Cheese and beer go together like rama lama lama ka dinga de dinga dong. Cheese is a great partner to beer and can provide a similar taste or a sharp contrast. Historically, cheese and beer were both produced and eaten by monks and farmers. Many pubs combine beer and cheese into dips or soups that are usually very delicious. I am a beer lover, so when I popped open a bottle of Berliner Weisse aged on fresh blueberries from a local brewery, I was excited. It poured out an interesting mauve color. (This color description reminds me of another science story – but I’ll leave that for a future post). Then, like a shovel to the head, it hit me. It attacked my nose with tiny odor knives. The smell. Was. Disgusting. I expected a sour blueberry aroma, but instead I got cheese. Stinky feet cheese. My family used this term when the cheese my mom bought had a certain ‘odeur’ to it. I clearly remember a few instances when I curled up my nose and reeled away from the table after taking a sniff of strong cheese. I think this primal sensory memory was permanently burned into my brain. I grew up thinking that this term was something my family had just come up with. I had no idea it was a real thing.
There are several different organisms (bacteria and mold) that produce compounds to make cheese smell rank. The bacteria that causes Limburger cheese to smell like a dirty foot party is Brevibacterium epidermidis. Guess where this little guy was cultured from? You guessed it – actual stinky feet (epidermis = skin). This type of bacteria converts the amino acid methionine (found in foot sweat and dairy proteins) into gaseous methanethiol. There are other places this methanethiol byproduct is lurking other than your cheese and your feet. I learned this a few years ago from my friend Stef. She made a comment about our pee smelling bad after we had asparagus at dinner. I had no idea what she was talking about. Turns out, the metabolism of asparagus produces a cocktail of volatile organic compounds that can cause your urine to have a sulfuric smell, and one of those compounds is methanethiol. I apparently don’t have the single-nucleotide polymorphism (SNP, which is a DNA sequence variation) in my olfactory genes to detect it or am one of the few who may not produce ‘asparagus pee’ because my urine didn’t smell any different to me. Another organism that is very sensitive to methanethiol is Anopheles gambiae, the principal type of mosquito that carries malaria. Dr. Bart Knols and colleagues observed female mosquitoes were attracted to stinky feet – and created a mosquito trap baited with dirty socks (see Table 1).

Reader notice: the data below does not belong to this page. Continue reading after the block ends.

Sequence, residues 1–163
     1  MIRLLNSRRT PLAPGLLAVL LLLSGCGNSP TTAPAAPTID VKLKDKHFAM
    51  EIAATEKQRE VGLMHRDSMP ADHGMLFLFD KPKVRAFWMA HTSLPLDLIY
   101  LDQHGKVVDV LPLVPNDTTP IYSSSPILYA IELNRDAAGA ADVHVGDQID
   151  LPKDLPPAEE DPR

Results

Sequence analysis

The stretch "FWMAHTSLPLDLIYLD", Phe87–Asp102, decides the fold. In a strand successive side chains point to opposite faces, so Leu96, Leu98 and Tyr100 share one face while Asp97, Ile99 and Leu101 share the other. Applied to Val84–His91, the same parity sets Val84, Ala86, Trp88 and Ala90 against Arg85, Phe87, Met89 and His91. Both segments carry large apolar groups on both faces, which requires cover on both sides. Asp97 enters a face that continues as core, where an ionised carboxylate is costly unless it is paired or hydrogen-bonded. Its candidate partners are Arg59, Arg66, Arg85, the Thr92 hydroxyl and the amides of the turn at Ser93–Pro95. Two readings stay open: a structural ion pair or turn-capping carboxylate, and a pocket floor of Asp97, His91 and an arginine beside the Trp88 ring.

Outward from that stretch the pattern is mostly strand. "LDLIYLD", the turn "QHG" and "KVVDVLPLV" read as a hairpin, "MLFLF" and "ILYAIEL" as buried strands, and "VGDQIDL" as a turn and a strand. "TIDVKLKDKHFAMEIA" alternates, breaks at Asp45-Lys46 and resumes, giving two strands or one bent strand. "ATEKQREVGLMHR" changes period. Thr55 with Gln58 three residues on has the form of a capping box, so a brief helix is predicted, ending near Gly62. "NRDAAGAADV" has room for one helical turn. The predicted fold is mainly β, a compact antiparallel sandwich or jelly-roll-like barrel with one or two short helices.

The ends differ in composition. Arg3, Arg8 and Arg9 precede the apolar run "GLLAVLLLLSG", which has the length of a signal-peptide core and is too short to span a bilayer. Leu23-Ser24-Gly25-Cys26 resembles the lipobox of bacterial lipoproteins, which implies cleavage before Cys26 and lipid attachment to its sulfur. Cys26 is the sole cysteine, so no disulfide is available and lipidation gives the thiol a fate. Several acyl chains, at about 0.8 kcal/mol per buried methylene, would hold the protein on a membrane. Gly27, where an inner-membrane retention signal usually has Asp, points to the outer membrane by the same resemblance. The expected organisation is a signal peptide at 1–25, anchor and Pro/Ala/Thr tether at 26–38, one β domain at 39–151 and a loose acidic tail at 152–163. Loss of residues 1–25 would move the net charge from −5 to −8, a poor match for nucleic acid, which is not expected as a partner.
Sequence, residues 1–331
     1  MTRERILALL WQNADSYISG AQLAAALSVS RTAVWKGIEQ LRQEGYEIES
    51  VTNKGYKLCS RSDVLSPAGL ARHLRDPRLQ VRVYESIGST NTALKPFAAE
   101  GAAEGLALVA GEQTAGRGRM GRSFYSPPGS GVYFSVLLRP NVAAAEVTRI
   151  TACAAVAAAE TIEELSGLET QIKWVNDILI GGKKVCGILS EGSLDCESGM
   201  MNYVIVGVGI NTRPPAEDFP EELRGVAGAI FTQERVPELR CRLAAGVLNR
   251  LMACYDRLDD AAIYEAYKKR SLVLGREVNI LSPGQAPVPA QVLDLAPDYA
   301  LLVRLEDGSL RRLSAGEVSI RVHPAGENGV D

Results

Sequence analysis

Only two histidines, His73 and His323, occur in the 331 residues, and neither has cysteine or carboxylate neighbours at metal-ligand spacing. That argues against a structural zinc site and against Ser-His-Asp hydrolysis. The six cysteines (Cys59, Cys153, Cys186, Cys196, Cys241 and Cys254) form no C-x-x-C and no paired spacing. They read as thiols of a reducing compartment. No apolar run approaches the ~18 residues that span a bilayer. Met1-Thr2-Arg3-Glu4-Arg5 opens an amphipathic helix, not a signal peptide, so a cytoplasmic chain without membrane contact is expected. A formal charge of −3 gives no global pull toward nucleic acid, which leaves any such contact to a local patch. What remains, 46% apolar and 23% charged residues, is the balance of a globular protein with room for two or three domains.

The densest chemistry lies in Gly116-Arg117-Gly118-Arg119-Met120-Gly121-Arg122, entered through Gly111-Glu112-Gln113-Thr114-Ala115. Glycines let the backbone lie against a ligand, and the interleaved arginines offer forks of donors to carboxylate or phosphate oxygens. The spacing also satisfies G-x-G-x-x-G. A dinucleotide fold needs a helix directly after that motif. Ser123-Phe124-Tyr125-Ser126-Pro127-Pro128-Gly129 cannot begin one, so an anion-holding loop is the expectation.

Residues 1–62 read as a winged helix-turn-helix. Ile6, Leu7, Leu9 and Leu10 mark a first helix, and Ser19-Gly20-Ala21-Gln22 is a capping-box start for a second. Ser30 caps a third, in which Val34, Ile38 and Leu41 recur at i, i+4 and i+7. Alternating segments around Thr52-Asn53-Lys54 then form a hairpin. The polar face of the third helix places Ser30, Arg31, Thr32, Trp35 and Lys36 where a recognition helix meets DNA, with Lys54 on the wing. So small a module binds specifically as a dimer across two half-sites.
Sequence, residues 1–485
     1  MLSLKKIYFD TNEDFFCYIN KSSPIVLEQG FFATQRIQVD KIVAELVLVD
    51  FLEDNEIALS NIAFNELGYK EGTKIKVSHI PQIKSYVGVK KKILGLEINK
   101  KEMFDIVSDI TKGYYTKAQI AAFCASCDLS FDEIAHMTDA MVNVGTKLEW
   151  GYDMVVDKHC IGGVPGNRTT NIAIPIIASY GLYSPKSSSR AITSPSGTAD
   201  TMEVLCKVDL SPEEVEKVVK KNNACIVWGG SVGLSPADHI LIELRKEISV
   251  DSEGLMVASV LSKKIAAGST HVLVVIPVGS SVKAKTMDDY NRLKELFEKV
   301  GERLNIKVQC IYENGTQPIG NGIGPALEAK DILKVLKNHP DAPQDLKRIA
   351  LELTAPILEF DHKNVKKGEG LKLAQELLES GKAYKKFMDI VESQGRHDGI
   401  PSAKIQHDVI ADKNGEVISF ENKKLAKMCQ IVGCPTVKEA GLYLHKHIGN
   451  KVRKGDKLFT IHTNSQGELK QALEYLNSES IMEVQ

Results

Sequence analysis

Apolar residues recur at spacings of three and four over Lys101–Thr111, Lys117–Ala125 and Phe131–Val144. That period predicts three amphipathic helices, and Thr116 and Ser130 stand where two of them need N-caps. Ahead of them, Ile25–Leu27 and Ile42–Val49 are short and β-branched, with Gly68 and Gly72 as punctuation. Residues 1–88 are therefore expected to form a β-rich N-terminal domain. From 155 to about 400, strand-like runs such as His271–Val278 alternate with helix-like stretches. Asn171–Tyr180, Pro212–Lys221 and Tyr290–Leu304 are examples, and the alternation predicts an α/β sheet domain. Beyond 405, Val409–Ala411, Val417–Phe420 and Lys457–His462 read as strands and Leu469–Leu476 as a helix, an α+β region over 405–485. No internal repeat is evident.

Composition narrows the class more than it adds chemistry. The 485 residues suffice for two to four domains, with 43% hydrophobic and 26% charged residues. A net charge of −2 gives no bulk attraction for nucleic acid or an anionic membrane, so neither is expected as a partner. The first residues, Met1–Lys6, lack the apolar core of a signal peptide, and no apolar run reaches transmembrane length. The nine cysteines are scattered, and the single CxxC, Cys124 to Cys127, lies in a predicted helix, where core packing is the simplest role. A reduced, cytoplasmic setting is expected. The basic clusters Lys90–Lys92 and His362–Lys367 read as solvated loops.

Although I may not have mosquito-like senses when it comes to methanethiol, I’ve determined that I am pretty sensitive to isovaleric acid. This fatty acid is produced on feet and in strong cheeses such as Durrus by the bacteria Staphylococcus epidermidis through metabolism of the amino acid leucine. This bacteria can also grow out-of-control on your face and cause bad acne. Whenever I smell isovaleric acid, you can bet that I’m calling the odor ‘stinky feet cheese’. Similarly, another bacteria called Propionibacteria can be found on feet, in cheese (like Swiss), and on acne-laden skin. This bacteria can produce isovaleric acid as well as propionic acid, which has a vinegar-like smell. Who knew stinky feet and stinky cheese had so much (bacteria) in common?
So how did isovaleric acid get into my beer? I’m pretty sure they didn’t brew it with dirty socks or pungent cheeses. Hops contain three different types of alpha acids that create the bitter flavor in beer. If the hops get old or are not stored correctly, one of those alpha acids, humulone, can oxidize and produce isovaleric acid. You can even buy capsules of purified isovaleric acid to train yourself to identify this smell and taste in your beer. Hops are usually boiled with the wort (the sugar-water produced from mashing the grain) to introduce the bitter flavor and the isovaleric acid byproducts will be drastically reduced. However, Berliner Weisse wort may only be boiled for about a quarter of the time than as for other types of beer (or not even boiled at all). This leaves the stinky, cheesy isovaleric acid in the beer. The off-flavor is intensified by the low pH of the sour mash. However, there are many Berliner Weisse beers that do not have this cheese flavor (and that are presumably boiled for a longer period). The worst part was, the aftertaste of my beer had a strong cheese flavor…and it lingered. Needless to say, I could only stomach two sips – and the second one was only to confirm its nastiness. After chugging a glass of water, I found it quite unfortunate but necessary to dump the rest.
A few weeks after this beer was released and killed the noses and palates of its drinkers, the brewery admitted the mistake and recalled the beer. Since then, they have brewed a new batch of the blueberry Berliner Weisse and also brewed a batch with raspberries. I thoroughly enjoyed the raspberry beer and its tart, fruity flavor…and smell. In fact, I might even pair the next bottle with a nice (mild) cheese.